What Is Opera?
Like other dramatic works, operas tell stories on stage. The grand themes and over dramatic characters are portrayed almost entirely through music. Dialogue and monologues are sung, making them duets and arias, respectively. Their booming voices, ranging from soprano to bass, are powerful enough to fill an entire auditorium or theatre without the use of microphones.

Who’s who?
Opera is divided into roughly seven different voice types with multiple subdivisions within each. Here, we’ll explore some of the basics.

Soprano- A soprano, affectionately called “sop”, is a female with the highest singing parts in operas, and, more often than not, is a leading role.
Mezzo-Soprano- Abbreviated mezzo, a mezzo-soprano is a mid-range female singer. She is more often a supporting character in the story and is sometimes even a breeches role (dressed and acting like a man).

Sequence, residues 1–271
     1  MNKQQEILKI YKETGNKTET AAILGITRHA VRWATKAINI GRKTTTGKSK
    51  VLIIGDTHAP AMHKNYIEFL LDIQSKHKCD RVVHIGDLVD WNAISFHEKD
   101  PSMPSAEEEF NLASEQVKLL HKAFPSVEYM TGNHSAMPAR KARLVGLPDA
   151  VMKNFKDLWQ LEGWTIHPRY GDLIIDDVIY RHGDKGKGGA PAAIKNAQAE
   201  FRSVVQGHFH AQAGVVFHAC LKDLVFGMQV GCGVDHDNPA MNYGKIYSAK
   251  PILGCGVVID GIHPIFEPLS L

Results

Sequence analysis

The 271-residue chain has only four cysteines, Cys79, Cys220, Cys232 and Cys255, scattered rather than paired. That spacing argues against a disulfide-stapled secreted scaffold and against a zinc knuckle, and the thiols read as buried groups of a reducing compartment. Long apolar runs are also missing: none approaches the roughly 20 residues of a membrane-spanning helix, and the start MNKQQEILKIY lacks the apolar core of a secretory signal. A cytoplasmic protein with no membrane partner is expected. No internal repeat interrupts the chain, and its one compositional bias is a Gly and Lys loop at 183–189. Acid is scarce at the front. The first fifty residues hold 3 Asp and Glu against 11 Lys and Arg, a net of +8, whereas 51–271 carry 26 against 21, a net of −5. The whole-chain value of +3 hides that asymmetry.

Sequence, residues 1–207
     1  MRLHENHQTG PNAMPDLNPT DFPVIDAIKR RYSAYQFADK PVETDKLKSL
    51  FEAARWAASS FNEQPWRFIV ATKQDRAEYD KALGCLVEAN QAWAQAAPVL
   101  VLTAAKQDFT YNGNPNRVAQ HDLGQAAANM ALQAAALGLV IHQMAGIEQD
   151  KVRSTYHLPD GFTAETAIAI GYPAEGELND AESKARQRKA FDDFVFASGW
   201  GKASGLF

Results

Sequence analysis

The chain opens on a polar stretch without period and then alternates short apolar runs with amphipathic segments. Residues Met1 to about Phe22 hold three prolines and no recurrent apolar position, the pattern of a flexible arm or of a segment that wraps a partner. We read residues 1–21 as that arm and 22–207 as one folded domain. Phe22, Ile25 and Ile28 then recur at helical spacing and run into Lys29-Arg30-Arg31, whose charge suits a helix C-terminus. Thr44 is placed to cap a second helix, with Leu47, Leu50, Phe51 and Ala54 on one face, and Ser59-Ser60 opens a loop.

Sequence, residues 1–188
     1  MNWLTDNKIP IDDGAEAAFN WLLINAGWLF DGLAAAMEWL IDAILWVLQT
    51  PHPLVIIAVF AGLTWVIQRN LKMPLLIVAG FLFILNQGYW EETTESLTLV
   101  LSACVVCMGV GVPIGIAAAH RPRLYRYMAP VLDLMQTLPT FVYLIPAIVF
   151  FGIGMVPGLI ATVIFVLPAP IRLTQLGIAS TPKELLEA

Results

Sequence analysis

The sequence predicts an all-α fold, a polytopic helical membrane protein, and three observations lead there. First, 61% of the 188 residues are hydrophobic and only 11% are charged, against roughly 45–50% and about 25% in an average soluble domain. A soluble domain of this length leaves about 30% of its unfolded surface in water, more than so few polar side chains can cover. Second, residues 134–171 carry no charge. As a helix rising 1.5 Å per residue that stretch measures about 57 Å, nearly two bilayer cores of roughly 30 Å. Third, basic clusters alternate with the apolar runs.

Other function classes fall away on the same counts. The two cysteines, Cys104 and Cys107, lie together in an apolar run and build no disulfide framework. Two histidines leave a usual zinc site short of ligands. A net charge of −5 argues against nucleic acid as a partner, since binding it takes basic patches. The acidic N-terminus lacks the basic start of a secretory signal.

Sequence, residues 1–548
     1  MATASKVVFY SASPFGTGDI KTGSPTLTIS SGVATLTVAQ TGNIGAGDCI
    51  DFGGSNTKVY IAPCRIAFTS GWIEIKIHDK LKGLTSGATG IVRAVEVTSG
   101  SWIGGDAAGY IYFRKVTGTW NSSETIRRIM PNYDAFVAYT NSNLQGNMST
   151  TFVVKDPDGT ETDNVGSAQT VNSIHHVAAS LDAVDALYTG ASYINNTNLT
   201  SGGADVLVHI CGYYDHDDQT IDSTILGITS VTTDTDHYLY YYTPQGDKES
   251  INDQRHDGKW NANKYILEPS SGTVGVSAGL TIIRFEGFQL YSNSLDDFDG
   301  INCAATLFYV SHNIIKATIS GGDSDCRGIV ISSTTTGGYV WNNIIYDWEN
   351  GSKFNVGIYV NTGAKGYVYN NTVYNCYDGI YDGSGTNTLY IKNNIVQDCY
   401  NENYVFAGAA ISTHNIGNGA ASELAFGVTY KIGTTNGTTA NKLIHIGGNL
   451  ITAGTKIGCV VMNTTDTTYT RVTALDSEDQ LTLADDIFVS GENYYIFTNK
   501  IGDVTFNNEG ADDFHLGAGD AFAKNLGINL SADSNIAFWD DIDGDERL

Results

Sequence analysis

Contralto- A contralto has the lowest range for females and is also uncommon in most operas.
Countertenor- A countertenor, or simply “counter”, is the highest male part, rivaling female contraltos. They typically sing in falsetto, using their head voice to reach the high notes.
Tenor- Tenors are the highest male part not using the head voice. They often are leading characters who end up getting the leading lady.
Baritone- A baritone is the common middle male voice.
Bass- The bass is the lowest male voice.